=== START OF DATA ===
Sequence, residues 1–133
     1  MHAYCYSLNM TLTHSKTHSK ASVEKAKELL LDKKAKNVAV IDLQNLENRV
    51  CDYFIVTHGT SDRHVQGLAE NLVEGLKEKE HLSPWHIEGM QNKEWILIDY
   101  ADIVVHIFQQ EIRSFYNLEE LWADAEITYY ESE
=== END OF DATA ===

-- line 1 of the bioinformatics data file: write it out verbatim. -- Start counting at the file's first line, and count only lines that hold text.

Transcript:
Sequence, residues 1–133